- New - SHOWREEL (10 min)
- Featured performance - LUMINAIRE
Reverse of flyer - Ellen Southern reflects on live and recorded voices
LUMINAIRE VERSION I (aprox 40mins)
Live ensemble performance for live & pre-recorded voices and percussion, a backwards-composed arrangement of Au Clair de la Lune
See the full length video (14.30 mins) here
LUMINAIRE VERSION II
Video created from the live ensemble performance footage, in which the melody of Au Clair de la Lune is ‘revealed’ by reversing the audio-video fragments
See the full length video (10 mins) here
LUMINAIRE VERSION III (aprox 40mins)
Solo performance in the streets between the theatre and Brighton station. Re-performing elements in the same reversed order as version II, to the accompanying audio from version I
Above: Photograph taken by audience member Clare Whistler
See the full length video (13 mins) here
Selected working drawings, vocal-video and audio works
Above: Selected drawings from the Luminaire series in progress, gold paint, candle smoke, ink, cotton thread and pencil on paper and tracing paper (each 19.5 x 19.5 cm)
Also exhibited for the first time was Signal, a drawing and audio piece created using candle-smoke. See drawings section at the bottom of page 2.
Programme notes: Luminaire is a poly-versional and site relational performance work, which is composed and realised using generative processes. This means that while musical and performative elements of the work are intricately constructed, performers and audience all experience the work for the first time together. The work, which includes live performance, video and visual art, is inspired by the reverse-engineering of Édouard-Léon de Scott Martinville Au Clair de la Lune (By The Light Of The Moon) from 1860, now the worlds earliest known vocal recording.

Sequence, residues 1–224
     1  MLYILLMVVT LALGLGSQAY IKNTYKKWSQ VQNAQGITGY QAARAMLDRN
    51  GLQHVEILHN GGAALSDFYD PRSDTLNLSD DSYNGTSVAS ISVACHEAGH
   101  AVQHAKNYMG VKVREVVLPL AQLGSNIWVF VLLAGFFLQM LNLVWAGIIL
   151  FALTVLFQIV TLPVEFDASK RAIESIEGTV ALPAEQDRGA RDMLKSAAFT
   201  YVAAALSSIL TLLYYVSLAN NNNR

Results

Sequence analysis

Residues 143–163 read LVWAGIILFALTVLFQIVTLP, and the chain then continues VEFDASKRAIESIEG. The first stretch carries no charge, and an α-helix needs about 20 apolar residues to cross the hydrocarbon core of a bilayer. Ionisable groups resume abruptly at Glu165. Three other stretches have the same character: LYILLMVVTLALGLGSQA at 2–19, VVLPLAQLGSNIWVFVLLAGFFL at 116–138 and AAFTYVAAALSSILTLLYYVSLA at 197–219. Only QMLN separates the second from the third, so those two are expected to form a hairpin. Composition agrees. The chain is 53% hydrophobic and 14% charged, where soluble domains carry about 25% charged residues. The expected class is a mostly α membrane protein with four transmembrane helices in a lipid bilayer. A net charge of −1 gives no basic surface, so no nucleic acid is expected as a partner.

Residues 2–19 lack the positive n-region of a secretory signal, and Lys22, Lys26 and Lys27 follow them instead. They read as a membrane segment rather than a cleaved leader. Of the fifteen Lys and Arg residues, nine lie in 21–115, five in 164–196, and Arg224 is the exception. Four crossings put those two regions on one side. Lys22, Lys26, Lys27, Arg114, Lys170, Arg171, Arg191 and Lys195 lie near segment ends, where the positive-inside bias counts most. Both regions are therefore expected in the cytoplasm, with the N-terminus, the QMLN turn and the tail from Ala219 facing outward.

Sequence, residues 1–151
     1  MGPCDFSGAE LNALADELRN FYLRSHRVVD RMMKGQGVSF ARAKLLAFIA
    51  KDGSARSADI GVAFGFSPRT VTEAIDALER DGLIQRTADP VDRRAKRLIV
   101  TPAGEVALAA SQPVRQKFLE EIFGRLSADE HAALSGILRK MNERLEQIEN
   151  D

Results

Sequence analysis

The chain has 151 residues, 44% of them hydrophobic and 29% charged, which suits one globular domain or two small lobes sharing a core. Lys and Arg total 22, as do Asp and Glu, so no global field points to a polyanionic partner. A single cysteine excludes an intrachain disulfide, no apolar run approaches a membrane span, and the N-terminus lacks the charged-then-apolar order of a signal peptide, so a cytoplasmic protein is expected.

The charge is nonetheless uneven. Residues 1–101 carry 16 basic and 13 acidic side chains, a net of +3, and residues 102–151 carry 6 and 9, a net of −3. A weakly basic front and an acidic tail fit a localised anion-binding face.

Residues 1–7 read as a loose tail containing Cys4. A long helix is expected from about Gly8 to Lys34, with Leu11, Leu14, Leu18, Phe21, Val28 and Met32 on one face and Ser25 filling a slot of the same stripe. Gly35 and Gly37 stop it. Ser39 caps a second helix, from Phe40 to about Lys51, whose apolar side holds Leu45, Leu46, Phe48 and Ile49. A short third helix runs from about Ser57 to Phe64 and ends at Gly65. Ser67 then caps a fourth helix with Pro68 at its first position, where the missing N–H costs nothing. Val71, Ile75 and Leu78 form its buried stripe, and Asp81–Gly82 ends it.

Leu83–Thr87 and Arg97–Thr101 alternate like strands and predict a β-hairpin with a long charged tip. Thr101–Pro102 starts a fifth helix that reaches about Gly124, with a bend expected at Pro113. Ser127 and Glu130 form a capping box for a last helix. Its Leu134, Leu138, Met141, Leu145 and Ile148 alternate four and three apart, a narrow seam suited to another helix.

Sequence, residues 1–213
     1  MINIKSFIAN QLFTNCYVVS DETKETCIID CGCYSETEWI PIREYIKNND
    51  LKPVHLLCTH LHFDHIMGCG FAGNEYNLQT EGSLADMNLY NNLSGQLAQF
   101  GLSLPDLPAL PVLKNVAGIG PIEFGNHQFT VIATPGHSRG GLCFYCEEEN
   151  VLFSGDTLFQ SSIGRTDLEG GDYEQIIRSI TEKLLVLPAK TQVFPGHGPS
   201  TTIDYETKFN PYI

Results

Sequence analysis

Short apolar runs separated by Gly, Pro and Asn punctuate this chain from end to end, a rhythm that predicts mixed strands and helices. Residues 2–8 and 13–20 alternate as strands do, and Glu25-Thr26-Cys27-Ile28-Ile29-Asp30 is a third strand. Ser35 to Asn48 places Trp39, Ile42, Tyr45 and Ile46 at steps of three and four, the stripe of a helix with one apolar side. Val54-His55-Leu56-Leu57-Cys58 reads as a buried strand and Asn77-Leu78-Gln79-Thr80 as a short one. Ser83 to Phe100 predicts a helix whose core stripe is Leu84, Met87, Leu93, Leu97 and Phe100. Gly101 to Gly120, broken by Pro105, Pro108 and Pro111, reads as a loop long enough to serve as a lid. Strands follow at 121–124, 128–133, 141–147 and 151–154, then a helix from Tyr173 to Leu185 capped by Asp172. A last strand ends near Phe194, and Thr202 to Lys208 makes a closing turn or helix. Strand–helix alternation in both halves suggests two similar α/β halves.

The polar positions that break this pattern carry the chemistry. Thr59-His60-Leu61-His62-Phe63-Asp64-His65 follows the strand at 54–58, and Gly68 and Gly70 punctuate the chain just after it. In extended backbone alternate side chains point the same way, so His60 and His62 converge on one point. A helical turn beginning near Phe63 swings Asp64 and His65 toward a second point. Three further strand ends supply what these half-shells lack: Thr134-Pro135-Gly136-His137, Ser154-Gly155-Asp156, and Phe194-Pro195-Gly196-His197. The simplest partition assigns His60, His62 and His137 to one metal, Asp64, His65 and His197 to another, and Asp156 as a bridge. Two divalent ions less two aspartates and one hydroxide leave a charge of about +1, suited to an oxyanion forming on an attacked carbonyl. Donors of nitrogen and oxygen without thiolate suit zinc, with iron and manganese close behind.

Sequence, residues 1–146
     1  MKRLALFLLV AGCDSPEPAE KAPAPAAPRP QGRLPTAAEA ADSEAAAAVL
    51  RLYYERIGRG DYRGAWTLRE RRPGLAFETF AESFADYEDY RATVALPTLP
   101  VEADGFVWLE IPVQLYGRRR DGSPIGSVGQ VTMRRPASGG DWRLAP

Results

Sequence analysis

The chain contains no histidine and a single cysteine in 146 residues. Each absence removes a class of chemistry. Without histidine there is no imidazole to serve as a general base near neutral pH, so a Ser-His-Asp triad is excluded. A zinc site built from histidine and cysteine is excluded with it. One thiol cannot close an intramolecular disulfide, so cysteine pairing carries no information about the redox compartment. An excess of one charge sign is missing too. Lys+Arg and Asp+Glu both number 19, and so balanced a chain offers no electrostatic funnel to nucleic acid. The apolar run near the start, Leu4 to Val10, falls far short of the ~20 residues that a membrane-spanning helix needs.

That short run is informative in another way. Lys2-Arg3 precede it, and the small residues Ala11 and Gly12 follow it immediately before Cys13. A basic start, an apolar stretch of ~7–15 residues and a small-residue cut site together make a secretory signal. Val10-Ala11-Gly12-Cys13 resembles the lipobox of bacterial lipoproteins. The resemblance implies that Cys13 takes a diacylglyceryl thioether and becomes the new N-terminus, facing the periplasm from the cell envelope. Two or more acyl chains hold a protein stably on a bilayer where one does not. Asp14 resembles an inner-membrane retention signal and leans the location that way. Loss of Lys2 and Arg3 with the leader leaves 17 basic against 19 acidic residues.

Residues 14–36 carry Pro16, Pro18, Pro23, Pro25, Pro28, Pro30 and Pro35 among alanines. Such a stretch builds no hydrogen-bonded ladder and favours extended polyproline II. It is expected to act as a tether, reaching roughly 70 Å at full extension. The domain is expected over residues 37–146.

The work has an emphasis on the presence of multiple viewpoints and individual experiences of the work, interrogating and creating an ambiguity around the idea of a single ‘definitive’ version. For example, documentation was regarded as a form of co-composition, with audience members contributing their own documentation footage.
Version I is an ensemble performance set in a theatre in a blackout, and features spatially arranged live and pre-recorded voices and percussion. Version II is a video created by reversing fragments of footage from version I, revealing an embedded melody and alternative narrative. Version III takes the elements of the live performance and improvises them in the streets as a journey between the theatre and a point of departure – the train station. Sonic ghosts of the two previous versions are both sequentially present, re-conjured to cross each other’s paths as they disperse and merge into the world, as both live and recorded voices do.
Hear Scott de Martinville’s 1860 recording here at original speed and the more widely distributed sped up version . Audio featured under creative commons license courtesy of Firstsounds.org
Au Clair de la Lune - translated lyrics
By the light of the moon, my friend Pierrot, lend me your quill to write a word. My candle is out dead, I have no more fire. Open your door for me, for the love of God.
By the light of the moon, Pierrot replied; I don’t have a quill, I am in my bed.Go to the neighbour’s I think she’s there. In her kitchen someone is using the lighter (striking stones to make a spark).
By the light of the moon likable Lubin knocks on the brunette’s door. She quickly responds; Who is knocking like that? He replies; Open your door, for the God of love.
By the light of the moon, one could barely see. The quill was looked for, the light (source) as looked for. With all that looking, I don’t know what was found. But I do know the door was shut behind them.
Reverse of flyer - Ellen Southern reflects on live and recorded voices
more about the piece
For more on Édouard Léon Scott de Martinville’s 1860 recording of Au Clair De La Lune, see Firstsounds.org